Saturday, 8 June 2013

June Meeting - Astro-imaging

Only 1 star on view this evening - our Sun, it's classified as a G2 star and here we see Phil our deputy Chairman (yes he is there!) using his telescope, plus solar filter, to give a practical demonstration before the meeting started.

His home-made solar finder was the real attraction - a film canister modified as only Phil can.  Very clever - patent it Phil we might get some cash.

To the right is our spotting 'scope plus solar funnel which impressed members after the meeting. We brought along 10 templates together with instructions on how to make these funnels. They went quickly - we probably should have made up 20 - they proved that popular!!
Incidentally the template was on the June "Sky at Night" CD and the write up in the magazine itself.

We will be making more copies of this for use at future meetings/public events we are holding.

Meanwhile others of our number got to grips with the serious matter of tea and biscuits.

Here we have (L-R) Phil, Andrew, Rob and Jim.
Rob brought along some copies of the latest FAS newsletter (I didn't get one either!) and only made a brief appearance before getting back to his marking of exams - yes it's that time of year again for many young ones.

We had 26 along for the night including a few newbies. We seem to get new people at every  meeting though the turn out is not consistent. I would imagine that if everyone turned up for every meeting we would have well in excess of 50 present each time. As it is we have a good solid nucleus which is heartwarming.

 Jim commenced the meeting with the regular "What's Up" feature.

He highlighted the planets on show, summer constellations and made particular mention of the prominent asterism the Summer Triangle.
Vega, Deneb and Altair are particularly prominent in July being directly overhead but even in June - stay up 'till midnight and you'll see them.

Jim also made mention of Noctilucent Clouds - more in the May blog write-up.

With the sky being light late at night and early in the morning stars  take a back seat at this time of year - but from now 'till August NLC's are a real possibility.
Watch the N and NW sky from 10.00 onwards and  N and NE after midnight and perhaps, just perhaps, you may see it.
Noctilucent clouds are allegedly becoming more frequent so a few pictures to show off at one of our meetings would be a real bonus.

Following the "What's Up" the scene had to be set up for Andrew's Astro - Imaging presentation. Many had been really looking forward to this one but first we made time for further refreshments and an interchange of comments.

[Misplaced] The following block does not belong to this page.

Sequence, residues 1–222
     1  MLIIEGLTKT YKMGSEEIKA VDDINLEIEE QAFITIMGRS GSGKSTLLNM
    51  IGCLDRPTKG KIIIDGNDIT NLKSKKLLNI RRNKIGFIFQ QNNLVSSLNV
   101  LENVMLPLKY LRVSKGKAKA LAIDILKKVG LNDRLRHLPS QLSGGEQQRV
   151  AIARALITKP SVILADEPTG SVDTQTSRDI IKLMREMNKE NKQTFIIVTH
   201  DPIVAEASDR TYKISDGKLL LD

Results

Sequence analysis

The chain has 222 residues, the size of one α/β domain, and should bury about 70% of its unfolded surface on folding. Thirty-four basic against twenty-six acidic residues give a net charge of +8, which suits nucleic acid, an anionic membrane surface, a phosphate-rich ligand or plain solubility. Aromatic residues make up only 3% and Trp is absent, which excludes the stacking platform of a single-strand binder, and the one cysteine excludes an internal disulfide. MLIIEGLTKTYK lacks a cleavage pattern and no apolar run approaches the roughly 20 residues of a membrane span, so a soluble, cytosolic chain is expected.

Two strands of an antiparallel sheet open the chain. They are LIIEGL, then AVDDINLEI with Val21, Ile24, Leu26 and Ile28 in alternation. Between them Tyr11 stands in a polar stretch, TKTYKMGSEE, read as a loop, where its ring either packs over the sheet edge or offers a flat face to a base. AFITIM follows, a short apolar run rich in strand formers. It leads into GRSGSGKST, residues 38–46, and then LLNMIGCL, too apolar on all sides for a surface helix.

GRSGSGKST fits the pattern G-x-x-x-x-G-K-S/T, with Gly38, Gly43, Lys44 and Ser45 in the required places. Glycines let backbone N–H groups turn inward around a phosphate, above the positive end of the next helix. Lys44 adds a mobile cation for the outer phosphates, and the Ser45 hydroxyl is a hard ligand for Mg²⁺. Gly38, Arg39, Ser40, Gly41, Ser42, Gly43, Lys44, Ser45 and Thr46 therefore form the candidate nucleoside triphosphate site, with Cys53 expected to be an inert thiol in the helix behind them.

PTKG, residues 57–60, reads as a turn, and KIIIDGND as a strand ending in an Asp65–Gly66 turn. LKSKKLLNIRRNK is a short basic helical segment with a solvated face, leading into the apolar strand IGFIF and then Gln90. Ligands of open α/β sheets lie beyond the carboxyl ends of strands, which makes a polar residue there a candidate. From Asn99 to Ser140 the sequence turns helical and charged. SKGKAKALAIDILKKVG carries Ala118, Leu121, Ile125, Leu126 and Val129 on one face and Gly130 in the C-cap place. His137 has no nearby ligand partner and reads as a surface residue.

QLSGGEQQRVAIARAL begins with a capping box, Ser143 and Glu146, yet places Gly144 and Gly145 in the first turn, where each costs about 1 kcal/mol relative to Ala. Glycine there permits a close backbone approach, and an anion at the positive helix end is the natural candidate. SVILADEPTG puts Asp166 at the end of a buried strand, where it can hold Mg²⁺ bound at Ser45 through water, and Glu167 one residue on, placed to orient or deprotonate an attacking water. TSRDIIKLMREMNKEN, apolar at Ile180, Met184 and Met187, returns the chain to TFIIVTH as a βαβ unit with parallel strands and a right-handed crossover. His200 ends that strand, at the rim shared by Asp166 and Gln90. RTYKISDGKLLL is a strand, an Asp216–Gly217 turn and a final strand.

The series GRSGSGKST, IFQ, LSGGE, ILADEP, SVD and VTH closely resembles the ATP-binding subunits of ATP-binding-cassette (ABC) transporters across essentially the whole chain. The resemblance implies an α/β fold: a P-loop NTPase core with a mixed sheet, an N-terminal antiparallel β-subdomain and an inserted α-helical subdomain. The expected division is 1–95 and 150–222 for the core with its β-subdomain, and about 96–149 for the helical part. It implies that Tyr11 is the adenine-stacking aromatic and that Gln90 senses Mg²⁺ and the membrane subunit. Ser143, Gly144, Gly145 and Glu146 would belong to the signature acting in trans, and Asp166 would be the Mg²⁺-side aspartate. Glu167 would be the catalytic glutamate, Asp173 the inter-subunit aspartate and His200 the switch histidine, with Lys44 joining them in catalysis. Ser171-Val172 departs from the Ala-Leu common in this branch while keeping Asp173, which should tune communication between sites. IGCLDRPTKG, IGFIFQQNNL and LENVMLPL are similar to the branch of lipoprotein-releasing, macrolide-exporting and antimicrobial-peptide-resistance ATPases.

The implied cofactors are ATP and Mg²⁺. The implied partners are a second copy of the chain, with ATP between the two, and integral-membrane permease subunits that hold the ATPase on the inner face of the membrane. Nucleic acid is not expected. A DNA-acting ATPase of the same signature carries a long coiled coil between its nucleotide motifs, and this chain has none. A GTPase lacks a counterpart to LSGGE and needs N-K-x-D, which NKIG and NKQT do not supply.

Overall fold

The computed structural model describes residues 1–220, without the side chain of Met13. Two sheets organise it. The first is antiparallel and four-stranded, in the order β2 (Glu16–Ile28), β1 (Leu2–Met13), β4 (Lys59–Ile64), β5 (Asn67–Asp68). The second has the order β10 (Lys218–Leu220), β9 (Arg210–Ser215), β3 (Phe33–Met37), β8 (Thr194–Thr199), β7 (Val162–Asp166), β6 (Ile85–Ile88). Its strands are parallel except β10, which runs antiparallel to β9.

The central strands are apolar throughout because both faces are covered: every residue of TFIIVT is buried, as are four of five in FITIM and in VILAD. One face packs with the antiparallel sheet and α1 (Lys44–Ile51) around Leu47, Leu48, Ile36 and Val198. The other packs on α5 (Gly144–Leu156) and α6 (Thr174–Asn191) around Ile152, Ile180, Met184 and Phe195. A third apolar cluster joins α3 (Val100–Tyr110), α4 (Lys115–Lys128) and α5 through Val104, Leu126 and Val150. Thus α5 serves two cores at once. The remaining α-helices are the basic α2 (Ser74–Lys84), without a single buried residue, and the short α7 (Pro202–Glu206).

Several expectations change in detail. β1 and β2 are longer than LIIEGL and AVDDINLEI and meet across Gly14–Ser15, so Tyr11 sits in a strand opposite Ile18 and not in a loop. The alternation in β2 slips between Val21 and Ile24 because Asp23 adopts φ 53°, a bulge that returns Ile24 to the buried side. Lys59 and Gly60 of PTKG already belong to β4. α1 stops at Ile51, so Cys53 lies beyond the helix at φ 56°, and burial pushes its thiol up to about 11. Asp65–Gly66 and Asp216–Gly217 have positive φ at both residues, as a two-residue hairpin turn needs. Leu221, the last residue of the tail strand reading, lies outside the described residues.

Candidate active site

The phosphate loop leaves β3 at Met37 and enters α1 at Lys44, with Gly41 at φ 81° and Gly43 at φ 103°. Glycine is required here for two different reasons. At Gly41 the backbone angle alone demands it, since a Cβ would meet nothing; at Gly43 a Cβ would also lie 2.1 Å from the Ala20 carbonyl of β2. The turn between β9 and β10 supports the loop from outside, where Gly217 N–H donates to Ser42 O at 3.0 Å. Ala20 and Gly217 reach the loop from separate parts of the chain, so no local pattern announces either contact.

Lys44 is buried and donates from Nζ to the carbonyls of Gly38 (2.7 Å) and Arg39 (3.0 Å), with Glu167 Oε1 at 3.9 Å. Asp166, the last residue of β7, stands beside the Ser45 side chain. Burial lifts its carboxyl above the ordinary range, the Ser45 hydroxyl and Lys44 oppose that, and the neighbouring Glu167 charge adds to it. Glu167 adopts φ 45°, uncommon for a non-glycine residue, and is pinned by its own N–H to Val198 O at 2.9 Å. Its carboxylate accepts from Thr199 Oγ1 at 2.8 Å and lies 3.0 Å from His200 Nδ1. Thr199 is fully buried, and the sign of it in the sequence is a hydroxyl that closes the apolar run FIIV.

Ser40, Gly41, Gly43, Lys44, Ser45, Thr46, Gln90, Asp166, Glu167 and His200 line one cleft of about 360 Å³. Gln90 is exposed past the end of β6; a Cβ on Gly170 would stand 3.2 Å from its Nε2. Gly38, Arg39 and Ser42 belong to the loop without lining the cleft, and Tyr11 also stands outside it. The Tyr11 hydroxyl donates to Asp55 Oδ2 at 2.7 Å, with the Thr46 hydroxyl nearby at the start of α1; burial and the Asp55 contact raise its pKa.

In his lecture Andrew showed how much could be accomplished with just a DSLR camera.
Pictures of the Moon, Comets and many other subjects can be captured this way and by attaching the camera to a telescope a whole new world, invisible to the naked eye, is revealed.
The camera catches so much the eye cannot see and so, Andrew explained, much juggling with the ISO is needed to ensure the subject is in the field of view before a longer exposure is taken.

Here we have Andrew getting to grips the the mechanics.
For effective deep sky imaging multiple images have to be taken and stacking programs used to make a desirable end product.
This was demonstrated in the lecture and an additional class was provided after the main lecture  for those who wanted to get to grips with this technology.

A number of Andrew's own images were displayed along with the means to make such images.

Here we have the famed "Leo Trio"which was produced as a result of 12 x 5 minute exposures at ISO 800.

Andrew always makes it sound easy - and we thank him for this informative material.

Incidentally I noticed on the forum that, inspired by this lecture, one of our members - Crundale Rob imaged M31 and M57 the other night.
Cracking pictures they are too - well done Rob.

The evening passed all to quickly but before we closed Andrew made mention of our future plans to have a container outside to hold our equipment (currently ferried back & forth by members) and serve as a base for night-time observations. We already have the approval for this from the Memorial Hall Committee - all we need is the money.

Prior to our next monthly meeting we will be in attendance at the Letterston Carnival on Saturday afternoon 15th June. Join us if you can.

Our next monthly meeting, then, is on Tuesday 2nd July with the main lecture dealing with the subject of "Variable Stars."